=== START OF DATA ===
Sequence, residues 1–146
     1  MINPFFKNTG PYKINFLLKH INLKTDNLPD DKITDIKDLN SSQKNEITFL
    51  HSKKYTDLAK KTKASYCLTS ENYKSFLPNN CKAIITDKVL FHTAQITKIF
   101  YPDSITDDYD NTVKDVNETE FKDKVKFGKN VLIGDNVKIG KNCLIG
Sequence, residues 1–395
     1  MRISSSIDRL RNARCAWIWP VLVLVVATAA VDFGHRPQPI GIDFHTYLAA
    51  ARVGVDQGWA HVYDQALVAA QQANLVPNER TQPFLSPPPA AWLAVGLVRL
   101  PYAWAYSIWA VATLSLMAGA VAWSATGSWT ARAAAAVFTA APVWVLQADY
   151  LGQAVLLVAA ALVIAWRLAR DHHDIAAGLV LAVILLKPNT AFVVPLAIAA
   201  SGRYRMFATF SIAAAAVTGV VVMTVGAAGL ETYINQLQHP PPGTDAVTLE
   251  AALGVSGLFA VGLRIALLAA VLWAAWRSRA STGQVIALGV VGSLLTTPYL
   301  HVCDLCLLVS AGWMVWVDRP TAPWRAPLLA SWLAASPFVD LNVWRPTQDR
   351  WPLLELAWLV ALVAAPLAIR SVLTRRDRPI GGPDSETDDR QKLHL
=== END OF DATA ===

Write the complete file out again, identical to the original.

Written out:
Sequence, residues 1–146
     1  MINPFFKNTG PYKINFLLKH INLKTDNLPD DKITDIKDLN SSQKNEITFL
    51  HSKKYTDLAK KTKASYCLTS ENYKSFLPNN CKAIITDKVL FHTAQITKIF
   101  YPDSITDDYD NTVKDVNETE FKDKVKFGKN VLIGDNVKIG KNCLIG
Sequence, residues 1–395
     1  MRISSSIDRL RNARCAWIWP VLVLVVATAA VDFGHRPQPI GIDFHTYLAA
    51  ARVGVDQGWA HVYDQALVAA QQANLVPNER TQPFLSPPPA AWLAVGLVRL
   101  PYAWAYSIWA VATLSLMAGA VAWSATGSWT ARAAAAVFTA APVWVLQADY
   151  LGQAVLLVAA ALVIAWRLAR DHHDIAAGLV LAVILLKPNT AFVVPLAIAA
   201  SGRYRMFATF SIAAAAVTGV VVMTVGAAGL ETYINQLQHP PPGTDAVTLE
   251  AALGVSGLFA VGLRIALLAA VLWAAWRSRA STGQVIALGV VGSLLTTPYL
   301  HVCDLCLLVS AGWMVWVDRP TAPWRAPLLA SWLAASPFVD LNVWRPTQDR
   351  WPLLELAWLV ALVAAPLAIR SVLTRRDRPI GGPDSETDDR QKLHL